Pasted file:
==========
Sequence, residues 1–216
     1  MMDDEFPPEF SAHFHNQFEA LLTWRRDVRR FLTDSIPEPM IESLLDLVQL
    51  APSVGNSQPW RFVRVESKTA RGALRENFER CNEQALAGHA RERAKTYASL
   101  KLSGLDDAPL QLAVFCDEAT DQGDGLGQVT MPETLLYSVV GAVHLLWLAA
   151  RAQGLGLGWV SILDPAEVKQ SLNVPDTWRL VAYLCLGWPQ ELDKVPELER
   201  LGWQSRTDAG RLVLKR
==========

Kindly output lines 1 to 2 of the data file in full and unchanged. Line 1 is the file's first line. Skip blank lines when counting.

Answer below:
Sequence, residues 1–216
     1  MMDDEFPPEF SAHFHNQFEA LLTWRRDVRR FLTDSIPEPM IESLLDLVQL